Madsen v. American Federation of Musicians of the United States and Canada, AFL-CIO/CLC, Local 24, No. 5:2013cv02519 - Document 20 (N.D. Ohio 2014)

Court Description: Opinion and Order: Plaintiff's motion to remand is granted. (Doc. No. 8 .) Plaintiff's motion to strike is denied. (Doc. No. 11 .) This case is remanded to the Summit County Court of Common Pleas. Judge Sara Lioi on 4/1/2014. (P,J)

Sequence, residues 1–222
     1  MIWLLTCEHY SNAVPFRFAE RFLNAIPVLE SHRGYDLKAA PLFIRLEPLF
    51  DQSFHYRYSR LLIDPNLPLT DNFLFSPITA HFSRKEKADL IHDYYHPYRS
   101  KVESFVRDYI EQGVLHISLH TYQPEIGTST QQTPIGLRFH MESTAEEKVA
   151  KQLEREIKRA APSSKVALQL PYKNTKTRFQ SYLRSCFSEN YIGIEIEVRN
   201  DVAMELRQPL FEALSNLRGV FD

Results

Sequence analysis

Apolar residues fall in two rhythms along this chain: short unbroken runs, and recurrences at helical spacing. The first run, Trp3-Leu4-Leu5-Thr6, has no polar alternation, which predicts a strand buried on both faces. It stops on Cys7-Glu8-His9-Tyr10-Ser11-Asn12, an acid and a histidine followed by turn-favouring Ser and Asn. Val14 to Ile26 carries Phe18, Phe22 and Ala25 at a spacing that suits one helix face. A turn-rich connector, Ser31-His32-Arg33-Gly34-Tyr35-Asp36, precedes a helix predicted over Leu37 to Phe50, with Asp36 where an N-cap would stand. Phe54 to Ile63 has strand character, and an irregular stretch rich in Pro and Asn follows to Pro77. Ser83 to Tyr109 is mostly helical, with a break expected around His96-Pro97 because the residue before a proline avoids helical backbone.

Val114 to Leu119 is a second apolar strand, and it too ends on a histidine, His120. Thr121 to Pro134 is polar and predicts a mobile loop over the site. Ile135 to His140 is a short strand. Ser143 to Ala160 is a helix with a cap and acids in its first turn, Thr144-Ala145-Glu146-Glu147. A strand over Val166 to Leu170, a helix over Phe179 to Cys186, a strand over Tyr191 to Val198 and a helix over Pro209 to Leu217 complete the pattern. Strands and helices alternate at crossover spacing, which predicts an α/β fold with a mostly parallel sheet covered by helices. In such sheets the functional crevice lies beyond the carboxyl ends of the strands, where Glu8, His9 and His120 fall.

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Madsen v. American Federation of Musicians of the United States and Canada, AFL-CIO/CLC, Local 24 Doc. 20 UNITED STATES DISTRICT COURT NORTHERN DISTRICT OF OHIO EASTERN DIVISION LINDA MADSEN, PLAINTIFF, vs. AMERICAN FEDERATION OF MUSICIANS OF THE UNITED STATES AND CANADA, AFL-CIO/CLC, LOCAL 24 DEFENDANT. ) ) ) ) ) ) ) ) ) ) ) ) ) CASE NO. 5:13-CV-2519 JUDGE SARA LIOI ORDER AND OPINION This matter is before the Court on plaintiff Linda Madsen’s motion to remand to the Summit County Court of Common Pleas (Doc. No. 8). Defendant has filed a response (Doc. No. 9), and plaintiff has filed a reply (Doc. No. 151). Also pending is plaintiff’s motion to strike (Doc. No. 11) the affidavit and exhibits submitted by defendant in support of its opposition to the motion to remand (Doc. No. 10). For the reasons set forth below, plaintiff’s motion to remand is GRANTED. Plaintiff’s motion to strike is DENIED.2 I. Factual Background Plaintiff Linda Madsen (“Madsen” or “plaintiff”) served as the elected Secretary- Treasurer of Local No. 24 (“the Local” or “defendant”) of the American Federation of Musicians 1 Plaintiff initially filed a reply (Doc. No. 12), and then filed two errata correcting errors in the initial reply brief (Doc. Nos. 13, 14), before filing the amended and restated reply brief currently before the Court (Doc. No. 15). Counsel for plaintiff has submitted these “rolling” briefs in another case before the Court and is hereby cautioned that he must submit one brief, in conformity with the Local Rules, without subsequent updates and corrections, unless warranted by extraordinary circumstances. 2 In her reply in support of the motion to strike, plaintiff essentially abandons the motion, conceding that the affidavit and exhibits submitted by defendant “probably can remain a part of the record[.]” (Doc. No. 19 at 251.) The Court agrees that the affidavit and exhibits do not add any grounds for removal not stated in the original notice but merely expound upon them. The motion to strike is therefore DENIED. of the United States and Canada (“the International”). (Doc. No. 2 at 11.) At this early stage in the proceedings, Madsen’s date of election as Secretary-Treasurer is unknown; however, record evidence shows that she served in this capacity as far back as October 26, 1999. (Id. at 19.) Madsen vacated the office on February 7, 2011. (Id. at 11.) Madsen claims that the bylaws and standing resolutions of the Local set her salary at $27,469.92 annually, with vacation, holiday and sick leave benefits, as well as contributions to the Local’s pension plan. (Id. at 12.) Per a resolution adopted by the Local’s executive board, Madsen earned sixteen vacation days each year, which could “be taken or carried forward at the discretion of the [Secretary-Treasurer]. Unused Vacation Days shall be paid, at a time chosen by the [Secretary-Treasurer], based pro rata per work day on the salary of the [Secretary-Treasurer] at the time of payment.” (Id. at 21.) An April 6, 2006 audit of fiscal year 2005 determined that Madsen had accumulated $7,660.06 in vacation days neither taken by Madsen nor paid by the Local. (Id. at 24.) The Local accepted this audit on June 4, 2006. (Id. at 22.) When Madsen vacated the Secretary-Treasurer position, she alleges that the Local owed her $13,734.96 in unpaid salary and $5,018.66 in accrued but unpaid vacation days. (Id. at 13.) She sued the Local in the Summit County Court of Common Pleas, seeking $18,753.62, plus interest, liquidated damages, and attorneys’ fees. (Id. at 17.) She asserts five claims against the Local: (1) breach of contract in writing, (2) breach of implied contract, (3) promissory estoppel, (4) unjust enrichment, and (5) failure to remit wages in violation of Ohio Rev. Code § 4113.15. The Local removed the case to this Court, claiming that Madsen’s claims are preempted by § 301 of the Labor Management Relations Act (LMRA) because they involve interpretation of labor contracts—the International’s constitution and the Local’s bylaws. Madsen seeks remand to the Summit County Court of Common Pleas, asserting that the LMRA does not apply to the 2 contracts in dispute because her claims arise out of the Local’s bylaws and standing resolutions. II. Standard of Review A defendant may remove to federal court only state court actions that originally could have been filed in federal court. Caterpillar, Inc. v. Williams, 482 U.S. 386, 392, 107 S. Ct. 2425, 96 L. Ed. 2d 318 (1987). As a court of limited jurisdiction, a federal district court must proceed cautiously in determining that it has subject matter jurisdiction. Musson Theatrical, Inc. v. Fed. Express Corp., 89 F.3d 1244, 1252 (6th Cir. 1996). The court must give “due regard” to the power reserved to the states under the United States Constitution to provide for the determination of controversies in the state courts. Shamrock Oil & Gas Corp. v. Sheets, 313 U.S. 100, 108-09, 61 S. Ct. 868, 85 L. Ed. 1214 (1941). Accordingly, removal statutes must be construed strictly to promote comity and preserve jurisdictional boundaries between state and federal courts. Alexander v. Elec. Data Sys. Corp., 13 F.3d 940, 949 (6th Cir. 1994). “[A]ll doubts as to the propriety of removal are resolved in favor of remand.” Coyne v. Am. Tobacco Co., 183 F.3d 488, 493 (6th Cir. 1999). The defendant seeking removal bears the burden of proving the court’s jurisdiction. See Rogers v. Wal-Mart Stores, Inc., 230 F.3d 868, 871 (6th Cir. 2000). III. Law and Analysis A. Federal Question Jurisdiction The parties agree that diversity is incomplete, and therefore cannot provide a basis for federal jurisdiction. The Court has jurisdiction over this case, if at all, if it presents a federal question, i.e., if it “aris[es] under the Constitution, laws, or treaties of the United States.” 28 U.S.C. § 1331. The well-pleaded complaint rule governs federal question cases, extending jurisdiction “over only those cases in which a well-pleaded complaint establishes either that 3 federal law creates the cause of action or that the plaintiff’s right to relief necessarily depends on resolution of a substantial question of federal law, in that federal law is a necessary element of one of the well pleaded . . . claims[.]” Christianson v. Colt Indus. Operating Corp., 486 U.S. 800, 808, 108 S. Ct. 2166, 100 L. Ed. 2d 811 (1988) (internal citation and quotation marks omitted). The plaintiff is the master of her claim, and may avoid federal jurisdiction by relying exclusively on state law. Beneficial Nat’l Bank v. Anderson, 539 U.S. 1, 12, 123 S. Ct. 2058, 156 L. Ed. 2d 1 (2003) (citing Caterpillar, 482 U.S. at 392). “In particular, the existence of a federal defense normally does not create statutory ‘arising under’ jurisdiction, and a defendant may not [generally] remove a case to federal court unless the plaintiff’s complaint establishes that the cases arises under federal law[.]” Aetna Health Inc. v. Davila, 542 U.S. 200, 207, 124 S. Ct. 2488, 159 L. Ed. 2d 312 (2004) (internal citations and quotation marks omitted) (alteration and emphasis in original); see also Tisdale v. United Ass’n of Journeymen & Apprentices of Plumbing & Pipefitting Indus. of U.S. & Canada, Local 704, 25 F.3d 1308, 1313 (6th Cir. 1994) (defensive assertion of federal labor statute “does not raise a federal question for removal purposes”). B. The Preemption Exception Notwithstanding a plaintiff’s well-pleaded state law complaint, a defendant may remove a case to federal court “when a federal statute wholly displaces the state-law cause of action through complete pre-emption.” Beneficial, 539 U.S. at 8. “When the federal statute completely pre-empts the state law cause of action, a claim which comes within the scope of that cause of action, even if pleaded in terms of state law, is in reality based on federal law.” Id. In areas of complete preemption, the court must “look beyond the face of plaintiff’s allegations and 4 the labels used to describe her claims and . . . evaluate the substance of plaintiff’s claims.” Paul v. Kaiser Found. Plan of Ohio, 701 F.3d 514, 519 (6th Cir. 2012) (emphasis in original). Yet, “‘complete preemption’—no matter how powerful when properly present in a case—is of very limited application: it is a very limited exception to the well-pleaded complaint rule.” Palkow v. CSX Transp., Inc., 431 F.3d 543, 553 (6th Cir. 2005). It applies only when plaintiff “has chosen to plead what . . . must be regarded as a federal claim,” though it masquerades as a state claim. Caterpillar, 482 U.S. at 399. C. § 301 of the Labor Management Relations Act Section 301 of the LMRA, codified at 29 U.S.C. § 185, governs claims involving federal labor law and “both preempts certain state-law contract claims and also confers federal jurisdiction over those claims[.]” Paul, 701 F.3d at 519 (quoting Kitzmann v. Local 619-M Graphic Commc’ns Conference of Int’l Bhd. of Teamsters, 415 F. App’x 714, 717 (6th Cir. 2011)). First, § 301 confers federal jurisdiction and establishes venue over “[s]uits for violation of contracts between an employer and a labor organization representing employees in an industry affecting commerce . . . or between any such labor organizations[.]” 29 U.S.C. § 185(a). Second, its powerful preemptive force “displace[s] entirely any state cause of action for violation of contracts between an employer and a labor organization[,]” or between such labor organizations, even if “state law would provide a cause of action in [its] absence[.]” Franchise Tax Bd. of State of Cal. v. Constr. Laborers Vacation Trust for S. Cal., 463 U.S. 1, 23, 103 S. Ct. 2841, 77 L. Ed. 2d 420 (1983). Displacing state law results in federal uniformity, allowing parties to labor contracts to formulate contract provisions certain that the same terms in every labor contract shall carry the same meaning. Local 174, Teamsters, Chauffeurs, Warehousemen & Helpers of Am. v. Lucas Flour Co., 369 U.S. 95, 103, 82 S. Ct. 571, 7 L. Ed. 2d 593 (1962). 5 To determine whether § 301 preempts Madsen’s state law claims, the Court must first decide which, if any, of the parties’ contracts invoke the Court’s jurisdiction. In short, does this case involve “contracts between an employer and a labor organization representing employees in an industry affecting commerce . . . or between any such labor organizations,” such that § 301 applies? If so, the Court must then decide whether plaintiff’s particular claims are preempted by § 301. D. Contracts under § 301 The parties agree that no “contracts between an employer and a labor organization” are relevant to this dispute. Instead, defendant identifies two contracts between labor organizations: the International’s constitution and the Local’s bylaws. Plaintiff agrees that the International’s constitution is a contract between labor organizations, correctly contends that the Local’s bylaws do not constitute a § 301 contract, and as explained infra, correctly argues that she did not state any claim arising from or involving interpretation of the International’s constitution. The Supreme Court has held that union constitutions are contracts between labor organizations, specifically, the parent and the local unions. See United Ass’n of Journeymen & Apprentices of Plumbing & Pipefitting Indus. of U.S. & Canada, AFL-CIO v. Local 334, United Ass’n of Journeymen & Apprentices of Plumbing & Pipefitting Indus. of U.S. & Canada, 452 U.S. 615, 621, 101 S. Ct. 2546, 69 L. Ed. 2d 280 (1981). When a local union accuses a parent union of violating the union constitution, § 301 governs. Not limited to union-on-union disputes, § 301 also applies to lawsuits between individual union members and labor organizations, if the allegations include a violation of the union constitution or other contract between labor organizations. Wooddell v. Int’l Bhd. of Elec. Workers, Local 71, 502 U.S. 93, 101, 112 S. Ct. 6 494, 116 L. Ed. 2d 419 (1991). Section 301 focuses on the character of the contract, not the parties to the lawsuit. Section 301 does not govern lawsuits involving individual employment contracts, even when the employees are also parties to collective bargaining agreements. See Caterpillar, 482 U.S. at 394-95. If the plaintiff chooses not to vindicate her rights under a labor contract, instead bringing claims based on an individual contract, the plaintiff’s complaint controls. In a case between a local and its employee, the Sixth Circuit found that “[p]laintiff’s allegation of an employment contract providing for just cause termination does not constitute a collective bargaining agreement. . . . An employment contract between an individual and a labor organization does not fall within the jurisdiction of § 301.” Kunz v. United Food & Commercial Workers, Local 876, 5 F.3d 1006, 1009 (6th Cir. 1993) (citing Wooddell, 502 U.S. at 98); see also Pearson v. Int’l Union, United Auto., Aerospace & Agric. Implement Workers of Am., 99 F. App’x 46, 52 (6th Cir. 2004) (if contract were signed only by employee and union, “it would not be a contract between an employer and a labor organization representing employees, nor would it be a contract between labor organizations”); Chicago Reg’l Council of Carpenters v. Losinske, No. 06 C 6903, 2007 WL 1576129, at *3 (N.D. Ill. May 29, 2007) (same). Also strictly construing the limits of § 301, the Seventh Circuit held that “[t]he constitution of a local union . . . is a contract between the union and its members,” and “[a] suit on a contract between a labor organization and a member is not within the scope of section 301.” Korzen v. Local Union 705, Int’l Bhd. of Teamsters, 75 F.3d 285, 288 (7th Cir. 1996) (citation omitted); see also Bermingham v. Castro, 191 F.3d 459, at *1 (9th Cir. 1999) (unpublished table decision) (same). Similarly, after noting that § 301 “did nothing to extend [preemption] to contracts that do not involve an employer-union or union-union[,]” a district court concluded that 7 “[l]ocal bylaws are not contracts between labor organizations” and do not confer federal jurisdiction. Williams v. Local Union 911, United Steelworkers of Am., 31 F. Supp. 2d 40, 43-44 (D.R.I. 1998); see also Dashields v. Robertson, 215 F.3d 1318, at *2 n.2 (4th Cir. 2000) (unpublished table decision) (suit predicated on bylaws does not fall within preemptive scope of § 301). Even Kitzmann v. Local 619-M Graphic Commc’ns Conference of the Int’l Bhd. of Teamsters, 415 F. App’x 714 (6th Cir. 2011), the lead case cited by defendant to support its assertion that the Local’s bylaws constitute a contract between labor organizations, betrays it. (See Doc. No. 9 at 103.) In Kitzmann, plaintiff alleged that the Local violated several contracts, among them, the international union constitution; the constitution of District Council 3, an organization composed of several local unions; an affiliation agreement between unions; and the Local’s own constitution. 415 F. App’x at 718-19. Concluding that the “[i]nternational constitution, the District Council 3 constitution and the affiliation agreement are all ‘contracts between labor organizations,’” the Sixth Circuit affirmed § 301 preemption. Id. at 719. Importantly, the court noted that plaintiff’s other allegations, including violations of the Local’s constitution “fell within the district court’s supplemental jurisdiction, even if they were not preempted.” Id. at 720 (citing 28 U.S.C. § 1367(a)).3 3 Nor do the other cases cited by defendant support its position that local bylaws are § 301 contracts. In Wall v. Constr. & Gen. Laborers’ Union, Local 230, 224 F.3d 168 (2d Cir. 2000), the court stated that plaintiffs’ state law claims were preempted because of “Local 230’s constitution.” Id. at 178. The Court has reviewed the case and has determined that the constitution referenced by the court is the international union’s constitution. See id. at 175 (“Local 230 is affiliated with LIUNA [the international union], and, as such, is governed by LIUNA’s Uniform Local Union Constitution[.]”). In the other cases cited by defendant, as well as cases the Court has located in its research, plaintiffs asserted violations of the bylaws and union constitutions. See DeSantiago v. Laborers Int’l Union of N. Am., Local No. 1140, 914 F.2d 125, 128 (8th Cir. 1990) (claims were based upon “the local and international constitutions”); Pruitt v. Carpenters’ Local Union No. 225 of United Bhd. of Carpenters & Joiners of Am., 893 F.2d 1216, 1219 (11th Cir. 1990) (same). These cases merely show the role of supplemental jurisdiction in labor law cases: it allows adjudication of claims arising from non-§ 301 contracts. To the extent that these and other cases hold instead that bylaws are contracts between labor organizations, the Court declines to follow them. In 8 Here, defendant has provided two contracts. Of these, the International’s constitution indisputably constitutes a contract between labor organizations, while the Local’s bylaws, governing the relationship between the Local and its members, do not. Further, the Local’s “standing resolutions,” from which Madsen lays claim to salary, vacation compensation, and pension contributions (Doc. No. 2 at 12), are not contracts between labor organizations. They are contracts between Madsen, an employee, and the Local, an employer. See Kunz, 5 F.3d at 1009; Pearson, 99 F. App’x at 52. Through supplemental jurisdiction, Madsen’s claims for breach of the bylaws or standing resolutions could piggyback on the Court’s jurisdiction over the International’s constitution; however Madsen’s complaint must first invoke the Court’s jurisdiction over the International’s constitution. The Court turns now to this inquiry. E. Claims Subject to § 301 Preemption Having determined that this litigation involves a contract between labor organizations—the International’s constitution—the Court must now determine whether plaintiff’s state law claims are preempted because of it. “[N]ot every dispute concerning employment, or tangentially involving a provision of a collective-bargaining agreement, is preempted by § 301 or other provisions of the federal labor law.” Allis-Chalmers Corp. v. Lueck, 471 U.S. 202, 211, 105 S. Ct. 1904, 85 L. Ed. 2d 206 (1985). When, however, the terms of labor contracts, the driving force behind § 301, are implicated, so, too, is federal exclusivity. The Sixth Circuit has developed a two-step approach to § 301 preemption: “First, the district court must examine whether proof of the state law claim requires interpretation of collective bargaining United Association of Journeymen and Wooddell, the Supreme Court addressed § 301 only with respect to union constitutions and has not extended § 301’s reach beyond them. 452 U.S. at 627 (“We do not need to say that every contract imaginable between labor organizations is within § 301(a). It is enough to hold . . . that union constitutions are.); 502 U.S. at 101 (“union constitutions are an important form of contract between labor organizations”). 9 agreement terms. Second, the court must ascertain whether the right claimed by the plaintiff is created by the collective bargaining agreement or by state law.” DeCoe v. Gen. Motors Corp., 32 F.3d 212, 216 (6th Cir. 1994) (internal citation omitted). If the right claimed does not involve labor contract interpretation and is borne of state law, “there is no preemption.” Id. Before it engages in the two-step analysis, the Court notes that plaintiff’s sole reference to the International’s constitution in her complaint notes that the Local “is organized and conducts its business under . . . the continent-wide international union, the American Federation of Musicians of the United States and Canada.” (Doc. No. 2 at 12.) Thereafter, she refers only to the Local’s bylaws and standing resolutions. In its notice of removal, defendant alleges that plaintiff’s claims arise from the International’s constitution, specifically, the provision that “Each Local shall pay a wage or honorarium to its chief executive Officer and chief administrative Officer.” (Doc. No. 1-1 at 6.) While never stating explicitly that plaintiff was the chief executive Officer or chief administrative Officer, defendant states that plaintiff’s claims arise, in part, from this provision. Plaintiff denies that she served as the Local’s chief administrative Officer. For purposes of its two-step analysis, the Court assumes that plaintiff was the chief administrative Officer and this provision fully applies to her. Even if plaintiff did serve as the Local’s chief administrative Officer, however, her claims are not preempted by § 301. a. Claims involving interpretation of § 301 contracts are preempted. Section 301 preempts state law claims if the state claims “require[] the interpretation of a collective-bargaining agreement[,]” or other § 301 contract. See Lingle v. Norge Div. of Magic Chef, Inc., 486 U.S. 399, 413, 108 S. Ct. 1877, 100 L. Ed. 2d 410 (1988); see also Diamond v. United Food & Commercial Workers Union, Local 881, No. 97 C 6216, 1997 WL 667823 (N.D. Ill. Oct. 24, 1997) (preemption when state law claim required 10 interpreting bylaw language identical to language in international union constitution). For example, the Sixth Circuit affirmed preemption when plaintiff asserted a state law claim of intentional infliction of emotion distress, claiming that the union’s treatment of him “undermine[d] the due process requirements contained in the [union] constitution[,]” constituting outrageous conduct. Pearson, 99 F. App’x at 53 (quotation marks omitted) (first alteration in original). To assess plaintiff’s claim, the court would necessarily construe the due process requirements of the union constitution, a § 301 contract. Similarly, state claims that involved calculating the timeliness of dues payments under the union’s constitution and bylaws were preempted. See Fox v. Bakery, Confectionary, Tobacco Workers & Grain Millers Int’l Union, Local No. 24, AFL-CIO, No. C 08-05737 WHA, 2010 WL 682458, at *9 (N.D. Cal. Feb. 24, 2010). If, however, in anticipating subsequent proceedings, defendant cannot credibly point to any provision or language of a labor contract that the Court would be required to interpret, then the first step does not demand preemption. See Hahn v. Rauch, 602 F. Supp. 2d 895, 906-07 (N.D. Ohio 2008); see also Pearson, 99 F. App’x at 53 (elements of fraud and intentional misrepresentation claims did not require analysis of labor contract). b. Claims arising out of rights created by § 301 contracts are preempted. Preemption under the second step is appropriate when “‘the rights claimed by the plaintiff were created by the [labor contract.]’” Kitzmann, 415 F. App’x at 718 (quoting Mattis v. Massman, 355 F.3d 902, 906 (6th Cir. 2004)). If the state law claim does not exist independently of the labor contract, the state law claim is preempted by the labor contract. See Allis-Chalmers Corp., 471 U.S. at 213. Claims dependent on labor contracts include both state contract and tort claims. Mattis, 355 F.3d at 905 (citations omitted). For example, if a labor contract creates a business relationship between two parties, a state claim for tortious interference with a business 11 relationship does not exist independently of the labor contract. See id. at 907 (citing DeCoe, 32 F.3d at 218); see also Rauscher v. Ryan, No. CIV.A. 93-5950, 1994 WL 121006, at *6 (E.D. Pa. Apr. 7, 1994) (“[T]he plaintiffs claim that the defendants intentionally interfered with their contractual rights . . . derive[d] from the union constitution.”); Ramos v. Dist. Council 16, Int’l Union of Painters & Allied Trades, No. C 13-03025 WHA, 2013 WL 5442291, at *3 (N.D. Cal. Sept. 30, 2013) (unfair business practices and negligence claims arose out of union’s constitution and bylaws). State contract claims dependent on rights created by § 301 contracts are easy to spot—generally they are, or include, breach of contract claims. See Kitzmann, 415 F. App’x at 719 (“Kitzmann has alleged that the Defendants breached these § 301 contracts.”) If, however, plaintiff avoids asserting claims arising from her labor contract or other federal law and “does not even hint at the need to resolve any dispute concerning interpretation of [labor contract] terms[,]” then plaintiff’s well-pleaded complaint avoids federal preemption. Paul, 701 F.3d at 522 (no preemption of state law disability claim). Claims arising from plaintiff’s individual employment contract with her employer, for example, are not preempted. Caterpillar, 482 U.S. at 394-95 (“It is true that respondents, bargaining unit members at the time of the plant closing, possessed substantial rights under the collective agreement, and could have brought suit under § 301. As masters of the complaint, however, they chose not to do so.”) State civil rights claims also exist independently of labor contracts—plaintiff does not need a labor contract to be free from discrimination. If plaintiff confines her complaint to state discrimination claims, the complaint controls. See Smolarek v. Chrysler Corp., 879 F.2d 1326, 1332 (6th Cir. 1989) (en banc); Tisdale, 25 F.3d at 1314 (“state right not to be discriminated against by a labor organization” not preempted); see also Karnes v. Boeing Co., 335 F.3d 1189, 1193 (10th Cir. 2003) (no preemption of union member’s complaint alleging violation of state 12 statute requiring companies’ anti-drug policies to be applied uniformly); Austin v. Int’l Bhd. of Elec. Workers, AFL-CIO, No. 4:11-CV-1029 CEJ, 2012 WL 685416, at *3 (E.D. Mo. Mar. 2, 2012) (no preemption of claims for violation of “non-waivable rights created under Missouri law”). The Court now turns to plaintiff’s specific claims. F. Analysis The Court must determine if any of plaintiff’s claims—breach of written and implied contract, promissory estoppel, unjust enrichment, and failure to remit wages—arise from rights created by the International’s constitution or involve interpretation of the International’s constitution, the sole § 301 contract in this case. As stated above, for purposes of determining this motion, the Court assumes that the International constitution’s provision regarding chief administrative officers applies to plaintiff. Even making this assumption, the Court concludes that plaintiff’s claims simply do not arise from the International’s constitution. She does not allege any violation of, and only mentions in passing, the International’s constitution, instead stating that her claims arise “[u]nder the bylaws and standing resolutions of the [Local.]” (Doc. No. 2 at 12.) Looking behind the face of the complaint to its substance, the rights claimed by plaintiff—her specific salary, her vacation pay, and her pension contributions—all arose from the Local’s standing resolutions, not the International’s constitution. The Local’s standing resolutions are not § 301 contracts; instead, they are actions taken by the Local that govern its relationship with Madsen, an individual. Quite simply, the International’s constitution did not establish the specifics regarding her rights to her vacation pay or pension contributions; the standing resolutions did. While the International’s constitution required a wage for the “chief administrative Officer,” the right claimed by plaintiff is her right to the amount of salary set by 13 the standing resolutions and bylaws. Additionally, Ohio Rev. Code § 4113.15 gives rise to Madsen’s fifth claim. Plaintiff’s choice to assert her failure to remit wages claim on the basis of state statutory law and individual employment contracts, rather than the line cited in the International’s constitution, should be respected. See Caterpillar, 482 U.S. at 394-95. Nor do any of Madsen’s five claims necessitate interpreting the International’s constitution. The International’s constitution states that Madsen is entitled to a wage. Defendant points to no ambiguity in the International’s constitution, no term in need of construction or explanation, and nothing that would imperil the uniformity of labor contract interpretation. See Rauch, 602 F. Supp. 2d at 907 (“Defendants do not cite any specific portion of the Local’s constitution or explain what type of interpretation might be required.”) On the other hand, the bylaws and standing resolutions, according to plaintiff’s complaint, set the amount of wages and all the other benefits plaintiff seeks. Plaintiff claims a breach of those agreements, reliance on those agreements, unjust enrichment resulting from those agreements, and failure to remit the wages set by those agreements. Those non-§ 301 provisions, not the International’s constitution, shall require interpretation. Because this case’s sole § 301 contract neither requires interpretation nor gives rise to any claim plaintiff chose to plead, preemption, powerful as it otherwise can be, is inappropriate in this case. 14 IV. Conclusion For the reasons set forth above, plaintiff’s motion to remand is GRANTED. Plaintiff’s motion to strike is DENIED. This case is remanded to the Summit County Court of Common Pleas. IT IS SO ORDERED. Dated: April 1, 2014 HONORABLE SARA LIOI UNITED STATES DISTRICT JUDGE 15